Saturday, July 10, 2010

Oregon Guide to the Players: Elder Law Lawyers

It has come to that. Your elderly parent is giving all her money away to a televangelist, or leaving the stove burners on for days at a time, or wandering in the street in her nightgown. You have tried to talk to her. She refuses to change her behaviors and adamantly refuses to enter a care center. You have talked to your brothers and sisters and to her bank. Everyone agrees that someone has to be appointed by the courts to protect her from herself. You need a guardianship or a conservatorship.

You are entering a world in which several professions and several arms of government uneasily interact. You may think it is simply a matter of hiring a lawyer and letting the lawyer take care of things. Guardianships and conservatorships are seldom that easy. This series of posts is intended to identify the players in the drama and give you a glimpse of how they interact with each other. The first post in the series is about lawyers.

Elder law lawyers come from a variety of places. There are elder law firms, sole practitioners, lawyers from full-service firms who practice elder law, lawyers who do elder law and other things, and lawyers who will do anything that comes in the door. It is worthwhile to take a look at each type.

Elder Law Firms

In Oregon, Multnomah County is the only county that has firms of lawyers that do only elder law. Because the demand for elder law is not great, elder law firms are small compared to firms in other areas of law. Multnomah County has three of them: Fitzwater & Meyer, Nay & Friedenberg, and Davis, Pagnano. Fitzater & Meyer is the largest of them, and as of this writing, the firm web page lists ten lawyers.

The elder law firms offer the full gamut of elder law and estate planning services. They employ paralegals and generally use technology to provide quality service at a fairly reasonable price.  The lawyers at these firms tend to charge an hourly rate higher than the sole practitioners, but when the cases are over their bills are not necessarily higher. Some clients like the security the firms offer, while other prefer the intimacy of working with a sole practitioner.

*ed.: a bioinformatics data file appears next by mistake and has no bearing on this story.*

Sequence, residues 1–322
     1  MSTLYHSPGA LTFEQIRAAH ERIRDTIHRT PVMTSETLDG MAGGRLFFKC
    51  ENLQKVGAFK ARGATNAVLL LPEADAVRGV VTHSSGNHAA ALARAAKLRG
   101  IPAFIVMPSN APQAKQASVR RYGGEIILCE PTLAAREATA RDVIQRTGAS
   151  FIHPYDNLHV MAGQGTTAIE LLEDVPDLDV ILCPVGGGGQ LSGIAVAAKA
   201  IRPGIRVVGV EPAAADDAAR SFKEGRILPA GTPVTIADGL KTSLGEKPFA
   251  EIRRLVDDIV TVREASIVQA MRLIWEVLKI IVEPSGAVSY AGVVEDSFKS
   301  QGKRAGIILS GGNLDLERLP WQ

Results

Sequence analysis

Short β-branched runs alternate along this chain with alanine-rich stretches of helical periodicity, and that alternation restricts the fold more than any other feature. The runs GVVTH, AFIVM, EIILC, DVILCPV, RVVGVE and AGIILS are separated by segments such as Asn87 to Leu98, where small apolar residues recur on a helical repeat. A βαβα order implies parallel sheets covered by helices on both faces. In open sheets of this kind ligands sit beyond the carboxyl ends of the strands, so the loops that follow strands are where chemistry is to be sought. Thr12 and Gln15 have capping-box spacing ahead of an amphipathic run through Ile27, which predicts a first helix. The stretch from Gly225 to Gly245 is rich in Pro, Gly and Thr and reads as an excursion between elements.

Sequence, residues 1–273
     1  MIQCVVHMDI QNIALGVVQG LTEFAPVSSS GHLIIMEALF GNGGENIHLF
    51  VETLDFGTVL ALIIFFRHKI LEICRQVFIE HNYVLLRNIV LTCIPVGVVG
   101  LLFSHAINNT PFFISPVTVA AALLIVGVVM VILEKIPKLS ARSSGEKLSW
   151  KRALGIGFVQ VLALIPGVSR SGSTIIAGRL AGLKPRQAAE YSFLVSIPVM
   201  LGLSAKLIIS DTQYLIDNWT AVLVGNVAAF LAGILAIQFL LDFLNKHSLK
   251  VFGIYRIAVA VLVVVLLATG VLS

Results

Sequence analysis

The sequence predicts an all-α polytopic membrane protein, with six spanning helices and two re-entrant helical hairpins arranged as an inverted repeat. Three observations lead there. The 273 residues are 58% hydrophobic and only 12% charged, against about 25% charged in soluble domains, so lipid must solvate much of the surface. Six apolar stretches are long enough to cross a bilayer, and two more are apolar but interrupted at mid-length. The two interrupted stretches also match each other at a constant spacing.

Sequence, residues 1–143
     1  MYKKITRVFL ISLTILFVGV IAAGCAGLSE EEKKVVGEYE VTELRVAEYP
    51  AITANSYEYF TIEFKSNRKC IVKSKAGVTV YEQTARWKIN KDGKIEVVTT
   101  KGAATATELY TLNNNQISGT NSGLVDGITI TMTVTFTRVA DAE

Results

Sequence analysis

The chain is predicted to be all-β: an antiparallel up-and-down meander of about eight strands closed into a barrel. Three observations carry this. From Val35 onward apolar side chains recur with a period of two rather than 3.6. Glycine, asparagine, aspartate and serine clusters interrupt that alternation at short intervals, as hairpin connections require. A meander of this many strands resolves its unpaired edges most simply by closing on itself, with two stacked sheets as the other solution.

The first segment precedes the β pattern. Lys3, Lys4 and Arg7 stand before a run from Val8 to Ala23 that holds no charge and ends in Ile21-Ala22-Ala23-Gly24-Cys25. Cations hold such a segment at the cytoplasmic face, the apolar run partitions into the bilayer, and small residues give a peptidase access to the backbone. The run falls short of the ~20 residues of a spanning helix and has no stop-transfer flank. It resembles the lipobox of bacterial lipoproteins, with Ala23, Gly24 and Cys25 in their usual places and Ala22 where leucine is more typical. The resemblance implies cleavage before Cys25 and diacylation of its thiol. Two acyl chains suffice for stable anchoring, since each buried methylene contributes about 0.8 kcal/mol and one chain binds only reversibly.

The Sole Practitioners

I am one of these. I practice out of a small office in Fairview, Oregon with the help of a legal assistant. There are a quite a few sole practitioners doing elder law. Many of them limit their practice to a certain aspect of elder law. One local attorney takes only contested guardianships and conservatorships. Another refuses to do contested cases, handing only cases that do not require hearings. Sole practitioners tend to charge a lower hourly rate than firm lawyers, but they sometimes lack the technological tools and support staff that streamline legal services. I like to think that my bills come out lower than those from the firms, but there are other sole practitioners in which that is clearly not the case.

Lawyers from Full Service Firms That Do Elder Law

Some large full-service firms, the kind that represent businesses and professional sports figures, have a lawyer or two on hand to handle elder law issues. These lawyers tend to concentrate on probate and the conflicts that arise when rich clients die and pass on their money. Those cases are close enough to elder law to enable the full-service firm lawyer to tackle an elder law case now and then. The big firm lawyers are always intelligent and well trained. Sometimes, however, they lack intimate knowledge of the court staff and procedures. This means they spend more time on simple things and charge a very high hourly rate for doing so.

Lawyers who do elder law and other things.

Some communities simply cannot support a lawyer who wants to do elder law full time. Thus, if a lawyer wants to make a living, he or she does other kinds of law as well. Some excellent elder law lawyers in small towns also do divorce law. Some times a lawyer is transitioning from one kind of practice to another and during the transition period does both. The lawyers I have seen who fall into these categories tend to do a fine job at a reasonable price.

Lawyers who do anything that comes in the door.

Some lawyers offer to do whatever you need done. They will get you out of jail, get you divorced, get a personal injury settlement after your slip-and-fall at the grocery store, and establish a conservatorship for your demented parent. The smaller your community, the more likely it is that you will find lawyers like this. If this is the only kind of lawyer available to you, then you have no choice. If you live in a more urban area, find someone who practices elder law on a regular basis.


People generally overestimate the impact their choice of lawyer will have on a case. The law is the law. The facts of your case are what they are and you are not supposed to make up new facts in order to win. The lawyers job is to know what the law is and present the facts to the court in the most positive light. It ain’t rocket science.

If you need and elder law lawyer, first find a lawyer who actually practices elder law. Your business lawyer or that great guy who helped you beat the drunk driving charge may not be the right person to help you with a guardianship or conservatorship. Next, pick a lawyer you like. There are a lot of us out there. You should not have to put up with someone you do not get along with. And finally, choose someone you can afford. When you and your lawyer are both comfortable with how the fees are going to be paid, the relationship has a lot better chance of going well. It is very often true that as the relationship goes, so goes the case.

Next Installment Fiduciaries (Then government agencies)

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